For some, hitting a baseball is a matter of "see the ball, hit the ball."
Others use the "grip and rip it" method.
But men like John Mallee have made a science of hitting the white sphere.Mallee, the hitting coach for the Houston Astros, shared his considerable knowledge during a recent two-day youth clinic at Eastlake Chargers Baseball/Softball Academy in Elkhart. Mallee has been working with ECBSA co-director and co-founder Joel Mishler for 15 years.
As a hitting instructor with the Florida Marlins, Mallee pronounced May-Lee) got the chance to work with an up-and-comer named Miguel Cabrera.
"Miguel had a natural gift," said Mallee, who got an up-close look at the first several years of Cabrera's professional career. "He had all the attributes of a great hitter anyway. I didn't teach Miguel Cabrerra anything."
In Mallee's approach to hitting, he does not teach styles. It's all about absolutes.
1. Go back before you go forward (lower half load).
2. Walk away from the hands (stride-separate).
3. Keep head in-between feet (maintain dynamic balance, center, axis).
4. Start swing with lower half, ground up (foot, knee, hips, hands last).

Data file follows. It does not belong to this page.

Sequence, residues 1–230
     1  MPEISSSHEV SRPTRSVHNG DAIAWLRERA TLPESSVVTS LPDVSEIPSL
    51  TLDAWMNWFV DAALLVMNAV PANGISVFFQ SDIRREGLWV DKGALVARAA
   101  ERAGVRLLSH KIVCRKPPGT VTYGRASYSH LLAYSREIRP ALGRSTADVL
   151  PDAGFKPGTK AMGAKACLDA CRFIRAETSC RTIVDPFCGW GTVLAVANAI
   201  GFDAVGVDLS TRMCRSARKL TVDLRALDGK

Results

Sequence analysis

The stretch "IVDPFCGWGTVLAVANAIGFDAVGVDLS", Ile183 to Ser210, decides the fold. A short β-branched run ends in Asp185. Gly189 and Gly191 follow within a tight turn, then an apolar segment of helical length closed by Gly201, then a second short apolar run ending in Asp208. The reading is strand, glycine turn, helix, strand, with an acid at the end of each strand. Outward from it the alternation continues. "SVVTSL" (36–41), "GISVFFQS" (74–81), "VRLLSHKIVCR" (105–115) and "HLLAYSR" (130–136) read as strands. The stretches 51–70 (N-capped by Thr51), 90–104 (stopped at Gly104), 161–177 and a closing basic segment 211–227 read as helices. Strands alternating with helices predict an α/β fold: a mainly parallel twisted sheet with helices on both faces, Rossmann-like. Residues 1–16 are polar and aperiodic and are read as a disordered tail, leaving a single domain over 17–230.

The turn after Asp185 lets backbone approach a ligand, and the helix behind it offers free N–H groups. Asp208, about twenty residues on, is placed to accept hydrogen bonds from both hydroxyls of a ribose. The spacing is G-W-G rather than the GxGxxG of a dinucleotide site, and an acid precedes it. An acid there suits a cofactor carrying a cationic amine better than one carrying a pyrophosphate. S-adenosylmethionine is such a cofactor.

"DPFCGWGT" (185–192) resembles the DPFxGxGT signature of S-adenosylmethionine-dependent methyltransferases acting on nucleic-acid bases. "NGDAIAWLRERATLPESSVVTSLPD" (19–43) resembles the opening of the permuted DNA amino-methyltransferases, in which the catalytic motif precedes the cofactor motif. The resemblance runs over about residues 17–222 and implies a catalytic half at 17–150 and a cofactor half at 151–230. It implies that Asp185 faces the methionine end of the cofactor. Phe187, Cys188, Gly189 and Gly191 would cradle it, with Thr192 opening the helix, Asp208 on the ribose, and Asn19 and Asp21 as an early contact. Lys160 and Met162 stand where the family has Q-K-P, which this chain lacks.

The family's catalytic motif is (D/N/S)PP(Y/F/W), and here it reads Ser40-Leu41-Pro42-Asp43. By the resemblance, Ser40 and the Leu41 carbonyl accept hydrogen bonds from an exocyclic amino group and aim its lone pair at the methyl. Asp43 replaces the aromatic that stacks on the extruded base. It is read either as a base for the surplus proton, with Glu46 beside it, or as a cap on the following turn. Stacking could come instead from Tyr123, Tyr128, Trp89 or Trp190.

5. Take a straight line to and through the ball (stay inside).
6. Maintain balance throughout the swing. These absolutes are "things that have to happen in the swing for any hitter," says Mallee.
Through the use of biokinetics (the study of the forces involved in movements of the body) and video analysis, Mallee teaches hitters to be their own coach.
"We try to let the hitter have his own style and natural rhythm and make sure that they fit these absolutes into their swing," says Mallee.
Through analysis, Mallee teaches what he considers the most efficient way to create bat speed and force.
In explaining Absolute No. 1, Mallee says it is a subtle move back that allows the batter to be ready to hit while getting into motion and overcoming inertia (the resistance of any physical object to any change in its state of motion).
The emphasis is on subtlety.
"Most kids they want to weight transfer back too far and then they get out of balance," says Mallee. "It's no difference than throwing a punch or throwing a ball.
"You want your first move to gather your weight against your back side because it gives you more weight to transfer into the ball."
As hitting coach with the Houston Astros since October 2012, Mallee works with the lineup with a current average age of just over 24 among its projected eight position-player 2014 starters.
"I have a young team," says Mallee. "(My job is) getting them to know their strengths and weaknesses as a hitter - from an approach standpoint and a mechanical basis."
Mallee works with his hitters on making a daily plan while adding to strengths and shoring up weaknesses.
"They are very subtle changes," says Mallee. "These guys are pros. They get it. The majority of the time it doesn't come down to the swing. It comes down to the approach and the plan in the (batter's) box."